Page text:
“KING ROOK” IN ALBEDO ONE #45

I am chuffAlbedoOne45-Covered to be able to point you in the direction of the latest issue of Albedo One (no. 45 – available in ebook form from Smashwords and Amazon) which features my story, “King Rook”.

The story is one set in Northern Ireland in the mid-eighties and while none of the important stuff in the story is autobiographical, I really did grow up in a housing estate that was in the shadow of a rookery and it really was slowly sliding into a bog.

Anyway, as always when one of my stories is out there, I’m only too aware of its shortcomings and not about to suggest that my deathless prose will change your life but I would recommend that you pick up this (and every other) issue of Albedo One, it’s a very good magazine that deserves your support. And, at just a couple of pounds for the ebook version, it’s very reasonably priced.

I also realised that I haven’t mentioned on here that another of my stories, “And Dublin Wept”, was included in Pandemonium: Big Jim’s Shadow from Jurassic London. This is a flash story (just 750 words long) set in 1914 during the bitter industrial dispute that was the Dublin lock-out lead by the ITGWU You can get the book from Goodreads for free and for 77p from Amazon.

It felt a bit odd having this story in a collection dedicated to James Larkin, since the story pokes a some (gentle) fun at the trade unionist’s reputation as a great orator. It has as it’s central character a fictionalised version of William X O’Brien – a less celebrated figure in Irish labour history. The story is an alternate history that twists around the fact that Larkin at one point proposed sending the children of the strikers to Ebig_jims_shadowngland and Scotland to live with the families of British trade union members. He hoped to ease the burdens on striking families but, more importantly, he hoped to spread support for the strike to the rest of the UK and thought the children would elicit sympathy. However, the combined forces of a hostile press and an equally hostile Catholic Church scuppered the idea.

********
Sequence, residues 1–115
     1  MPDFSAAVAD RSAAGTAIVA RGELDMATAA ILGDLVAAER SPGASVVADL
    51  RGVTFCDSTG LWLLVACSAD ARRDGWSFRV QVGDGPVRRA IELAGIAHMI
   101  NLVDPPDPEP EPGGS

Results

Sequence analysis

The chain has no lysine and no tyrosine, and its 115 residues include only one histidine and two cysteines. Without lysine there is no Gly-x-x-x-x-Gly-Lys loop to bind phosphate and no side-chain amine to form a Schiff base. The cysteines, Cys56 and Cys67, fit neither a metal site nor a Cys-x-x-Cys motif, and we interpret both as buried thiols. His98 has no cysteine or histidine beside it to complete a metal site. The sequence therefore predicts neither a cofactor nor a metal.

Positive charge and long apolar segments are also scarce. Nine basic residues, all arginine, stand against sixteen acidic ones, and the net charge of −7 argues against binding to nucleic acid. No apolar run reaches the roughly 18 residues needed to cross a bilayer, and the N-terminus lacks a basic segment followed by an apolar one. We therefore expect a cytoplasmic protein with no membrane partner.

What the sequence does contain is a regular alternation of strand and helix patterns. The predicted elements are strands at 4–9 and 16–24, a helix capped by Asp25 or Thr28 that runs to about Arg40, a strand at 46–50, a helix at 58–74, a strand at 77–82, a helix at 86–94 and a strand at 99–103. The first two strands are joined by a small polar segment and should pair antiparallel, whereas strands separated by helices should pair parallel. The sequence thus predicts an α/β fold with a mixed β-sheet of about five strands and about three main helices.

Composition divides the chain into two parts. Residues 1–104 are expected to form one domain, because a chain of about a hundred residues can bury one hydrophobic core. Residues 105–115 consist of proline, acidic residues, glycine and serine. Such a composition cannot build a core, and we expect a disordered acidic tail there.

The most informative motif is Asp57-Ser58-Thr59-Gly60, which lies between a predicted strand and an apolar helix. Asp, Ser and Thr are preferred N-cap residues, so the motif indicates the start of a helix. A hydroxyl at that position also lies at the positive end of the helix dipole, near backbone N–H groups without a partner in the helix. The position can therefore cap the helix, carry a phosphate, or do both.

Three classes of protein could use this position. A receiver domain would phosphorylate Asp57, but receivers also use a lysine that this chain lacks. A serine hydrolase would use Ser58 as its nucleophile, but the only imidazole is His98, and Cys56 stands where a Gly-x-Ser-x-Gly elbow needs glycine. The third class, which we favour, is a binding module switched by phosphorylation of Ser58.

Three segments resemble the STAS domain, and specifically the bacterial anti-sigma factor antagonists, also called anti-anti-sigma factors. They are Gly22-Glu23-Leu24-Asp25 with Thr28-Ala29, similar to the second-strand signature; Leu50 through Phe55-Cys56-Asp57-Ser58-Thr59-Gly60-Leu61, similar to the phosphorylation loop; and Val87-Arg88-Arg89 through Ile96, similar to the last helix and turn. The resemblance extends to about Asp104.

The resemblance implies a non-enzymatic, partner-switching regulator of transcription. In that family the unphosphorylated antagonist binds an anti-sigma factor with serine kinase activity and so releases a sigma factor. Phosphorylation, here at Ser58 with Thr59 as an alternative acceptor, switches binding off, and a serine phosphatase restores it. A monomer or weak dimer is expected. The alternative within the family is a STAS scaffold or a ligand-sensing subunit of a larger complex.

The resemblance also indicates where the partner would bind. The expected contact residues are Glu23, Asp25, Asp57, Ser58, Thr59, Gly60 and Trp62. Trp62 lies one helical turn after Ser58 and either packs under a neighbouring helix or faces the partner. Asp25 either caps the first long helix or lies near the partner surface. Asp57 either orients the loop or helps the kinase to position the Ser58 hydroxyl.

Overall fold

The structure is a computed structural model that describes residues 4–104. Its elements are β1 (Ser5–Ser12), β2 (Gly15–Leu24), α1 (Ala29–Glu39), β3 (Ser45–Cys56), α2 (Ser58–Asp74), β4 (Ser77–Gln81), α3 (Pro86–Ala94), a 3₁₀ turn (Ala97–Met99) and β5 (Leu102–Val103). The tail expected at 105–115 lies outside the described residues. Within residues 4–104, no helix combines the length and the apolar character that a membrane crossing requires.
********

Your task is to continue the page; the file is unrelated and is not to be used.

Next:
The lock-out petered out in 1914, with both sides exhausted and forced to compromise. The ITGWU was badly damaged and things got worse when Larkin went off to North America and then, in 1916, James Connolly was killed by the British for his part in the Easter Rising (the leader of the bosses in the lock-out, William Martin Murphy, used his newspapers to agitate for the execution of his old adversary).

William X O’Brien was the man who rebuilt the ITGWU, turning it into a major force in Irish politics. There are songs about Larkin and Connolly but, as far as I know, no songs have been written about William X O’Brien.

The story also features a mention of the SS Connemara, a ferry that plied the route from Greenore to Liverpool. The ship did sink in Carlingford Lough, but not until November 1916. All aboard the real SS Conemara were lost, including my great uncle, Private Robert Kenna, who was returning to the war in France after recovering from injuries.

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